FABRIK – The Legend of M. Rabinowitz
Written, Directed & Produced by WAKKA WAKKA PRODUCTIONS, INC.
DAVID ARKEMA, GABRIELLE BRECHNER, KIRJAN WAAGE, GWENDOLYN WARNOCK
A co-production with Nordland Visual Theatre/Figurteateret i Nordland
Set & Costume Design by WAKKA WAKKA PRODUCTIONS, INC.
Original Puppets by KIRJAN WAAGE
Original Masks by GWENDOLYN WARNOCK
Original Music by DAVID ARKEMA & GWENDOLYN WARNOCK
Original Score “Rabinowitz Suite” composed by:
LARS PETTER HAGEN and TROND OLAV REINHOLDTSEN
Dramaturge: GABRIELLE BRECHNER
Final Directing Consultant: DANIEL GOLDSTEIN
Technical Director: JAN ERIK STARBY
Set Miniatures by STEIN HANSHUUS
Banner by JENAH PELLEY
Lighting Design by ANDREW DICKEY
Publicity/PR NYC: JIM BALDASSARE
Additional Props by LISA MEI LING FONG
Urban Stages Theatre
259 West 30th Street (between Seventh & Eighth Avenues)
January 17th – February 17th, 2008
Opening Night: January 23, 2008
First of all, let’s make known the names behind Wakka Wakka Productions, Inc. – David Arkema, Gabrielle Brechner, Kirjan Waage, and Gwendolyn Warnock – because these four individuals have managed to jam-pack 55 minutes with so much creativity and talent that they deserve special recognition. With amazingly expressive and exquisitely dressed puppets by Waage and ingenious masks by Warnock, miniature sets, and imaginative props, FABRIK tells the story of Moritz Rabinowitz, one of the few Jews who lived in Norway in the early 1900’s. In addition to building one of the largest clothing empires in the country, he also spoke out publicly against anti-Semitism and predicted the rise of Hitler and the Nazis. He left a rich legacy that Wakka Wakka researched and immortalized with this inventive production.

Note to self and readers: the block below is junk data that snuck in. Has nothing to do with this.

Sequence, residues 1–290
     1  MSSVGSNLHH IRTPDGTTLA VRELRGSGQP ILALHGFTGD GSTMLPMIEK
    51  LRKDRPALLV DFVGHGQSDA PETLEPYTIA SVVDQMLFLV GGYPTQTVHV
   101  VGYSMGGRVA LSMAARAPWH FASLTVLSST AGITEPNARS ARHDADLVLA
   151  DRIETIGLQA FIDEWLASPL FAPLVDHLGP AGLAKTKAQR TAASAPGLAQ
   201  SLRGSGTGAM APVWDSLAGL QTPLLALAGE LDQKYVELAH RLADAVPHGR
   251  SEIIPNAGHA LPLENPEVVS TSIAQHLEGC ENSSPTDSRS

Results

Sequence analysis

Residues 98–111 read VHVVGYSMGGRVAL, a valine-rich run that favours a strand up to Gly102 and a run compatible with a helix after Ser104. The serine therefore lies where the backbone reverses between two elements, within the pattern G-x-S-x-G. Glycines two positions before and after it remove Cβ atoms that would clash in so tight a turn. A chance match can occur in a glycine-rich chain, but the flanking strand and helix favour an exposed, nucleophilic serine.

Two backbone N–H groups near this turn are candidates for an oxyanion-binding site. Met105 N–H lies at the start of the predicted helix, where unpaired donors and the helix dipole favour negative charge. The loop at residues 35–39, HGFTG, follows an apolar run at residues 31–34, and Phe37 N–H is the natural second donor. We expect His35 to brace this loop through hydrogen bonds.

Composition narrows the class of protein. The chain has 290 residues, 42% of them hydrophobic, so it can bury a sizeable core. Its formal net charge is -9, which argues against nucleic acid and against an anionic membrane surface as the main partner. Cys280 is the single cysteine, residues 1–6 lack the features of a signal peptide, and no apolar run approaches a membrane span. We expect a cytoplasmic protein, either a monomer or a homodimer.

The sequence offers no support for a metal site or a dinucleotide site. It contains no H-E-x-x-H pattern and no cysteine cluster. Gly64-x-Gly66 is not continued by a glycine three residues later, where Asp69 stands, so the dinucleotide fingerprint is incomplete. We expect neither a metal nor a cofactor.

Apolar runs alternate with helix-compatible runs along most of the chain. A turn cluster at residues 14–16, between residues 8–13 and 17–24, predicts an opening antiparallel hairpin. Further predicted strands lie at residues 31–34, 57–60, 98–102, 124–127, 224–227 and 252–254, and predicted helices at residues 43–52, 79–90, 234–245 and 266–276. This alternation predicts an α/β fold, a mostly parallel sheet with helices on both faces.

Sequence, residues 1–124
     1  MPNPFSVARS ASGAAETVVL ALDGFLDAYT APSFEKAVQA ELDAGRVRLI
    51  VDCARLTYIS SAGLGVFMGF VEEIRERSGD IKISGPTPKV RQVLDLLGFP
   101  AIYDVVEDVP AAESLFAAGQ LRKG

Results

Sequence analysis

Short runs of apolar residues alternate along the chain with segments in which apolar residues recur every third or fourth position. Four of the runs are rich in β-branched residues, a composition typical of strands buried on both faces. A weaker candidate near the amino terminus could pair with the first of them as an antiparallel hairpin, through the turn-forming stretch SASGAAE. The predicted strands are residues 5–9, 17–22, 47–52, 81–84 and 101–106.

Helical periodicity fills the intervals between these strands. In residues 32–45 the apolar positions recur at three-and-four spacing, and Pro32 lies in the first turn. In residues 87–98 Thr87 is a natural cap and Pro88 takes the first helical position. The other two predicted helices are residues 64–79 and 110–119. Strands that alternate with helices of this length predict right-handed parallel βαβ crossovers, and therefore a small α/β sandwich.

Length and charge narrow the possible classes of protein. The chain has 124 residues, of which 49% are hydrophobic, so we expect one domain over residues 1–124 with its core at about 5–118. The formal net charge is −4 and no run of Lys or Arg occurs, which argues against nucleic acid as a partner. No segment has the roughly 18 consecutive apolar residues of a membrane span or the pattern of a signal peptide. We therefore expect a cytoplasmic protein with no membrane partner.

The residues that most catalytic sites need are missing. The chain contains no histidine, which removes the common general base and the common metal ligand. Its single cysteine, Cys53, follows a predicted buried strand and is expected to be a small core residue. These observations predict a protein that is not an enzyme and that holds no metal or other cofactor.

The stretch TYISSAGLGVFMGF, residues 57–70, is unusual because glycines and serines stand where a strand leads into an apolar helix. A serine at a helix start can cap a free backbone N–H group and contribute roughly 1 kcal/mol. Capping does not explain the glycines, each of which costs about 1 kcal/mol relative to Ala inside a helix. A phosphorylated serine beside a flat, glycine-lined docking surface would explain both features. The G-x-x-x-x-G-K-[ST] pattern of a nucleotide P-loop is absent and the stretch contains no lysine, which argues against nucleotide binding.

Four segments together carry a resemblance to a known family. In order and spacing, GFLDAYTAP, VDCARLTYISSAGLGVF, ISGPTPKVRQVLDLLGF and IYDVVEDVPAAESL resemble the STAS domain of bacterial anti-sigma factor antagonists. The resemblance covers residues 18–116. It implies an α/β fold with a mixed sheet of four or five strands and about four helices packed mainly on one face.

Within 15 seconds you are in love with Rabinowitz, the puppet, and within 60 you’ve totally forgotten that he is a puppet. He sings, he dances, he takes you on a raucous car trip through his village, and he introduces you to his family and co-workers. Against original music and sound design, he recites his Life Plan for the Businessman, croons to his daughter while she practices ballet, pacifies his wife in bed, and maintains his sense of self and humor throughout. He would have been as pleased with FABRIK as the lucky audiences who get to see this delightful masterpiece will undoubtedly be.
- Laurie Lawson -